Southerner by birth and Californian by choice, Erin has a deep rolodex of top-tier media contacts and loves the thrill of scoring major press. She has launched Lexus’ “Black Panther” partnership, led the opening of Chicago’s Millennium Park, and fueled the pumpkin spice latte craze for Starbucks. Erin has been in the business for nearly two decades, the past decade immersed in the world of marketing as PR lead for Innocean and Saatchi LA. She started her career with Finn Partners and Edelman, and worked in-house at Warner Bros.
Karaoke go-to: Madonna’s “Like a Virgin”
Bringing Things Together. Blair wears many hats at Mister Sweat, from creating social media campaigns, writing blog posts, press releases, media pitches to maintaining media lists and backgrounders to tracking client media coverage. Blair moved to NYC the day after she graduated from the George Washington University and started her career. Before taking time off for her toughest role as “Mom”, Blair was part of the Global PR team at Bain & Company. Blair currently lives in the Detroit area with her two children.
Karaoke go-to: “Shoop” by Salt-n-Pepa
As of one Mister Sweat’s earliest team members, Lauren has helped create the Thought Leadership arm of Mister Sweat. She keeps the wheels turning internally as coordinator, and manage award opportunities and client projects.
Karaoke go-to: If you manage to drag her on stage she can rap the entirety of “Bad Touch” by The Bloodhound Gang. (It was cool in the 90s).
In addition to being a writer and editor, I spent five years as a casting producer, six years in commercial production, three years as a journalist. I also spent over a decade performing improv comedy at theaters around the U.S. Put that all together and you know one thing — I can make you look good, sound good, and match you with your perfect audience. Plus jokes!
Karaoke go-to: “Don’t Stop Believing” by Journey, and I’ll sing backup for “Son of a Preacher Man” if you sing lead.
Our background spans everything from marketing to PR to social media to consulting. Not surprisingly, so does our work.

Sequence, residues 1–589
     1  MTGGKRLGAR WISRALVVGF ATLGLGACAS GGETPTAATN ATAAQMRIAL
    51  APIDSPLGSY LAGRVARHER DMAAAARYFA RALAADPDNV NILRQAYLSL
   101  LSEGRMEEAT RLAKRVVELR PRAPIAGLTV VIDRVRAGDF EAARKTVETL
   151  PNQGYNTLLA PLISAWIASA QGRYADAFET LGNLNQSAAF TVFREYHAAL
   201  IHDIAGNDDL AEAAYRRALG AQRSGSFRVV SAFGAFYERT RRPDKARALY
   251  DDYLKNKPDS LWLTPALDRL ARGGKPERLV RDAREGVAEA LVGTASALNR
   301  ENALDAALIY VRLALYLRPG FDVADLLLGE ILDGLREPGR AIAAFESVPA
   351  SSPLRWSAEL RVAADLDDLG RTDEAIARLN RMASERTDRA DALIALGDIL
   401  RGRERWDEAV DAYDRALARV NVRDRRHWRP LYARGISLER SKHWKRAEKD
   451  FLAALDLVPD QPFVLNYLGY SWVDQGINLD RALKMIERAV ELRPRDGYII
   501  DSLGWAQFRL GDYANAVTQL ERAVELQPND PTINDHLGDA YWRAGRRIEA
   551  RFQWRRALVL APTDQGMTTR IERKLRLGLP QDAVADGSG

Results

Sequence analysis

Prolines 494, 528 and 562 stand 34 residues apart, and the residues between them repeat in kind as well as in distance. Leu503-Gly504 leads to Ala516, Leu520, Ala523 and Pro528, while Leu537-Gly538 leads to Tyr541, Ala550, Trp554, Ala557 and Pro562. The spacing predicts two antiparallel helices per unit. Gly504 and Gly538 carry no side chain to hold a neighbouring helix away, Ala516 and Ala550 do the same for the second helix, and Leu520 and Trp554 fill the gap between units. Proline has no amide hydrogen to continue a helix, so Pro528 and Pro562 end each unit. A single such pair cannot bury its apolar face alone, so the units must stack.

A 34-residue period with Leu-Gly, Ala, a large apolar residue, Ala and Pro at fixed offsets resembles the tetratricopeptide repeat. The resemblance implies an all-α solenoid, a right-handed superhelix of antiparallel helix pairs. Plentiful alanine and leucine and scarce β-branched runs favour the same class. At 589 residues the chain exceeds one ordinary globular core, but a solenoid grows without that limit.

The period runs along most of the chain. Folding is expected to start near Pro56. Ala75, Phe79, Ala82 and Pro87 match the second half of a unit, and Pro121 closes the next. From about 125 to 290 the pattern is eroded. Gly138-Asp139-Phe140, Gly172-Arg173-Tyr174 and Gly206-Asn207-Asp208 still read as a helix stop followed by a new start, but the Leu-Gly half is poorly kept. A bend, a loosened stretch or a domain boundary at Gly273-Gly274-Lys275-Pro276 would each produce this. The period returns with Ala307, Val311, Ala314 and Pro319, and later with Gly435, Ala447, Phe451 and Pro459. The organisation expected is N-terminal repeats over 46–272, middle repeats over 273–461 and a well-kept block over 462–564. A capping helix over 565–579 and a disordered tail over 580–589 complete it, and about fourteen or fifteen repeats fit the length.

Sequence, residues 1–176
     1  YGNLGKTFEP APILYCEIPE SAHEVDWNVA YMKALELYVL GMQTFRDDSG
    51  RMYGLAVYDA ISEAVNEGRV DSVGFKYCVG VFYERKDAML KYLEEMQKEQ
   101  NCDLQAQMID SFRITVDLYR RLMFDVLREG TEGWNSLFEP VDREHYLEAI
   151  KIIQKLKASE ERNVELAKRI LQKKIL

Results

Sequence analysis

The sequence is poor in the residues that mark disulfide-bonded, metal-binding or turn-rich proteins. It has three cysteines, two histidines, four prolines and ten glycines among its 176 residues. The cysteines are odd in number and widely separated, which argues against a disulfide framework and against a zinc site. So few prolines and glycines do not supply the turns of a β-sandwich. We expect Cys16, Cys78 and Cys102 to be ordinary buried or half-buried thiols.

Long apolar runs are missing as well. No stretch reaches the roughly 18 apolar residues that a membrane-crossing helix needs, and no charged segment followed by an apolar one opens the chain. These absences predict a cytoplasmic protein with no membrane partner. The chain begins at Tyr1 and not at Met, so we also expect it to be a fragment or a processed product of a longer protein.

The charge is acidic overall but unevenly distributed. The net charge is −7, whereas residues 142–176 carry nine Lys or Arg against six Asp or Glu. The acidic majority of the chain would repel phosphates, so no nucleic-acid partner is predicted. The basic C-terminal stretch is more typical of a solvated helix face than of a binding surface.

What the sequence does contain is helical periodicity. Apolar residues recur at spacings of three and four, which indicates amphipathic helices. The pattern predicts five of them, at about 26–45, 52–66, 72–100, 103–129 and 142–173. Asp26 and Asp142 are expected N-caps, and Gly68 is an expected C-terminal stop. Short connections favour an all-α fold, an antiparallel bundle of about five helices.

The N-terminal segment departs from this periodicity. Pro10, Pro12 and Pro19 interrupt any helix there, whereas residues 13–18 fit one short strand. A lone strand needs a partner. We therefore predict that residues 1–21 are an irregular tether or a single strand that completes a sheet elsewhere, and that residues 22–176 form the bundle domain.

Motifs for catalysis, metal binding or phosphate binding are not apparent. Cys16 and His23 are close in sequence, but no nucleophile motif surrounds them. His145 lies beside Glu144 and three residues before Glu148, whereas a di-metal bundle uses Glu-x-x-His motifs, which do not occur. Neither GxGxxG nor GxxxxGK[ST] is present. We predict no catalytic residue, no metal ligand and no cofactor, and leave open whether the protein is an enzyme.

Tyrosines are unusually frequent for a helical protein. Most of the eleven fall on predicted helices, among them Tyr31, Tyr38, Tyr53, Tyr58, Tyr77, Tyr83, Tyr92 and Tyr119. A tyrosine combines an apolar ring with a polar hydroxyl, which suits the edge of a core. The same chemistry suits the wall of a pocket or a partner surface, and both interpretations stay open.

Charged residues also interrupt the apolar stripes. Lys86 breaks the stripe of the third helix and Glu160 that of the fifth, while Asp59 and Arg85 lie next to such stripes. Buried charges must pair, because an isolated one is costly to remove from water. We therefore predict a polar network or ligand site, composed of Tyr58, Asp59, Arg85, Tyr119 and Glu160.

Feeding hungry drunks in Cannes
You can get rosé almost any time day or night at Cannes Lions, but there's almost no way to get food after midnight. How do you feed them? You take over a fleet of pizza scooters and deliver slices to hungry drunks throughout Cannes. Bonus: you create a mobile app that tracks where the scooters are about to deliver.
The project ultimately delivered a lot more than pizza. The press talked about it, Deutsch LA met a lot of new recruits, and it helped people survive Cannes. And that was sort of the point.
Bringing Fast Company to us
Sometimes it pays to ask for exactly what you want. Jeff wanted to get 72andSunny involved with Fast Company events. So he cornered the Fast Company events team at a cocktail party and said, "You need to hold a conference in LA. And we can host it for you." The next day they were on a plane to LA and liked the space so much they made it the location for Fast Company's first-ever Los Angeles conference. Soon hundreds of marketers got a chance to see 72andSunny close up.
Creating a blog squad for an agency
Agencies can benefit from content marketing—but they can't afford the army of dedicated social media writers that it usually takes to do it right. At Deutsch LA, I realized that agencies have the perfect alternative: a bunch of people who got into advertising to be creative but ended up filling out spreadsheets for clients. So I created the Deutsch Underground Bloggers, a secret society of volunteers from around the agency who met in monthly meetings called Beer & Blogging. When they wrote their first posts, they got decoder rings, which we used to send messages. The top post each month got a $250 gift card. They got a creative outlet and a way to earn a little extra cash, and we found a great new source of content.
Landing speaking engagements at Cannes Lions
For most agencies, speaking at Cannes Lions is the pinnacle of public engagements. I've helped my agencies go four for four in Cannes pitches. That's a combination of understanding what the Cannes content programmers want, writing pitches that grab an audience's attention, and building the relationships it takes to make sure your agency is on the shortlist to be included.
We'll get back to you soon.